Native Windows 8 on a Mac mini: first impressions

Summary:ZDNet's David Gewirtz spent the weekend installing Windows 8 on a Mac mini using Bootcamp. His observations and early impressions (along with descriptions of some of the problems he ran into) are described in this helpful article.

I had to shut down Windows, boot into OS X, and rebind both keyboards to Mac OS X’s Bluetooth. At this point, both keyboards worked on OS X. I then had to restart, this time into Windows 8, and then using Windows 8’s Bluetooth, bind both keyboards to Windows 8.

This is all well and good, and both keyboards work nicely (as I said, I’m writing this now using the machine), except for one problem. Every so often, the keyboard seems to stickkkkkkkkk. It will suddenly insistttttttttttttttttttttt on typingggggggggggggggggggggggggggg a letter over and over. A few hits of the Escape key and it stops, but I’ve never seen this behavior before, and I’m not sure how to solve it.

Because I know there’s some interaction between the Mac firmware and the keyboard, I’m not sure if the problem needs to be solved on the OS X side, the Windows side, or somewhere in between.

Start Menu and Modern (Metro) apps

I’ll describe this in more depth in another article, but Windows 8 is baffling without the Start menu . It’s very difficult to configure. I spent five bucks, bought Start8, set Windows to boot into the Desktop, and all was much, much better.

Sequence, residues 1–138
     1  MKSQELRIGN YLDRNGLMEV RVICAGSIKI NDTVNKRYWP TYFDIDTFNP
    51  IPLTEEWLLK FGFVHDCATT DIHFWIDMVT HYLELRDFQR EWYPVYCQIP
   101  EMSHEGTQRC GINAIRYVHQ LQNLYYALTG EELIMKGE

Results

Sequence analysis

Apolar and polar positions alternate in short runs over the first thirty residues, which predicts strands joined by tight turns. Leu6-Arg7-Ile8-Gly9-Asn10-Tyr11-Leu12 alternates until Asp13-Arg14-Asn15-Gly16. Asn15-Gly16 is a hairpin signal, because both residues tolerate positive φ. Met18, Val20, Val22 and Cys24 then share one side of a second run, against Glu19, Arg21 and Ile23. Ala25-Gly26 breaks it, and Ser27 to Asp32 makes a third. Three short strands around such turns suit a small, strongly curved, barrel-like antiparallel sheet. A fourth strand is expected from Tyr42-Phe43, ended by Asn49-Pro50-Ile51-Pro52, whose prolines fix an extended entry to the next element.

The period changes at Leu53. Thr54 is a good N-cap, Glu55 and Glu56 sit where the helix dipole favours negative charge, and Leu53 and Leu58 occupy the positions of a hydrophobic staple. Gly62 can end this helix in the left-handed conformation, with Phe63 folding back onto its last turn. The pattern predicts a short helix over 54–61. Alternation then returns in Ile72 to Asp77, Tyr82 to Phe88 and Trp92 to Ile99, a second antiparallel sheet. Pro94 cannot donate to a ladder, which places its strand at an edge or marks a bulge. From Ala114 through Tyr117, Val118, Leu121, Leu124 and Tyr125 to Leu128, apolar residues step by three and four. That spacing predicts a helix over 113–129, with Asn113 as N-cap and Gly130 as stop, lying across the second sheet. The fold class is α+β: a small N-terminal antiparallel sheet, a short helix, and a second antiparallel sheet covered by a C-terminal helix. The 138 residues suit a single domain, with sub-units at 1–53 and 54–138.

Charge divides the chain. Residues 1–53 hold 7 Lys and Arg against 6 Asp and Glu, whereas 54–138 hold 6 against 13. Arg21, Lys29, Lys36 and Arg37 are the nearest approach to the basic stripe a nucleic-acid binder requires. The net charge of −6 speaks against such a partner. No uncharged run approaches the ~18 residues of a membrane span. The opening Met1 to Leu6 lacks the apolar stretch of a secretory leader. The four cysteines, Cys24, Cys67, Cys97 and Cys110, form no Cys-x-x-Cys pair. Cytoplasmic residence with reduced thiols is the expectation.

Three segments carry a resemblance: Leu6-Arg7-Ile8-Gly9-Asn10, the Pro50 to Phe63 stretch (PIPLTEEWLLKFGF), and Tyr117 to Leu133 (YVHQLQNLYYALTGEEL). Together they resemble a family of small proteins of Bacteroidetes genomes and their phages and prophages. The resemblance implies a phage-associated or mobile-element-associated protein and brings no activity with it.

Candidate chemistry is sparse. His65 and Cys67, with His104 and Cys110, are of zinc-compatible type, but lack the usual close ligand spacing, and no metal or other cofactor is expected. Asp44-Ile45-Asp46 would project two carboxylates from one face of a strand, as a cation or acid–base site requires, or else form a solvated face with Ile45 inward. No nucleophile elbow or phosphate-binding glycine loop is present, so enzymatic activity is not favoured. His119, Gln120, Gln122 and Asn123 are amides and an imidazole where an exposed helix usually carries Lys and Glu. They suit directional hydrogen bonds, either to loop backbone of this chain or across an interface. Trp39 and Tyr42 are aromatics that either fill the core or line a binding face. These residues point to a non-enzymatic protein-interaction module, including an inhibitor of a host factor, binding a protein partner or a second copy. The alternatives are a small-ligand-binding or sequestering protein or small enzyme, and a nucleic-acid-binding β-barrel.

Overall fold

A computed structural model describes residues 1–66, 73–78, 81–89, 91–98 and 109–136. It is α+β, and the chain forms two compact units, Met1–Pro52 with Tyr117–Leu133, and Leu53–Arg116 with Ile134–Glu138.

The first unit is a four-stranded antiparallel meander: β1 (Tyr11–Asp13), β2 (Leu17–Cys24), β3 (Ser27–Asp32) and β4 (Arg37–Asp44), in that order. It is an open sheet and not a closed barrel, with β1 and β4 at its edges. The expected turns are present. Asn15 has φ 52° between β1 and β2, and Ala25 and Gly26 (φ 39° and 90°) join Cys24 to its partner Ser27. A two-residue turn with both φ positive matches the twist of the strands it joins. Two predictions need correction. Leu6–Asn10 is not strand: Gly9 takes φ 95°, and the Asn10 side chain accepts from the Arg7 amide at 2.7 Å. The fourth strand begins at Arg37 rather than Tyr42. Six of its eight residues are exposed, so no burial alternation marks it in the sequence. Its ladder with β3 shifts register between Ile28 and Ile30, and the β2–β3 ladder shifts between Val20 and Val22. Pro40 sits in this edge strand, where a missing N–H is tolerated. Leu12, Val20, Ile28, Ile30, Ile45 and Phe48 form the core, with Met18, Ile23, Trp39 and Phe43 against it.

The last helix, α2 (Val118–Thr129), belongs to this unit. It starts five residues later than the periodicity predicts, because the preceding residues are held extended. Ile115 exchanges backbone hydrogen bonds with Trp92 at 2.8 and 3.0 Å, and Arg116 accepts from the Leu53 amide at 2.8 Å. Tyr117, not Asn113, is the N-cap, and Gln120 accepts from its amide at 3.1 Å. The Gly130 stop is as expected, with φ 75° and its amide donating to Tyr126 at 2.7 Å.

I did try out a few Metro, er, Modern UI apps, just for kicks. I found the Netflix app to be pretty nice (actually, much nicer than the desktop app, but not as nice as the Apple TV implementation). My wife didn’t like the AllRecipes app as much as the Web page equivalent, and I found myself completely annoyed by the Evernote app.

Evernote in the Modern UI appears to simply display all your notes in a stream across the page. There doesn’t appear to be any organization or rhyme or reason to it. Worse, even though I had the Evernote Windows Desktop application installed on the Windows 8 Desktop (and it has synchronized my many gigabytes of information), the Modern UI app insisted on doing a complete sync on its own, presumably because it doesn’t share the database with the desktop application.

One other annoyance about the Modern UI apps: our password manager didn’t know of them. For every Modern UI app (and almost all of them require one password or another), I had to switch back into the desktop, load up my password manager, search for the login credentials, and then switch back to the Modern UI and enter the information in.

It felt very hacky.

On the other hand, one thing that is intriguing is the idea of splitting the Windows screen. If you take a Modern UI app and drag it over to the right of the screen, you can shrink the Windows desktop a bit, and have a Modern UI app in its own pane on the right or left side of the screen. I’m not yet sure what benefit that would be, but it’s cool. I had originally thought I’d keep Evernote in that side pane, to be able to constantly take notes, but, as I mentioned above, Evernote’s app is a little disappointing.

Topics: Windows, Apple


In addition to hosting the ZDNet Government and ZDNet DIY-IT blogs, CBS Interactive's Distinguished Lecturer David Gewirtz is an author, U.S. policy advisor and computer scientist. He is featured in The History Channel special The President's Book of Secrets, is one of America's foremost cyber-security experts, and is a top expert on savi... Full Bio

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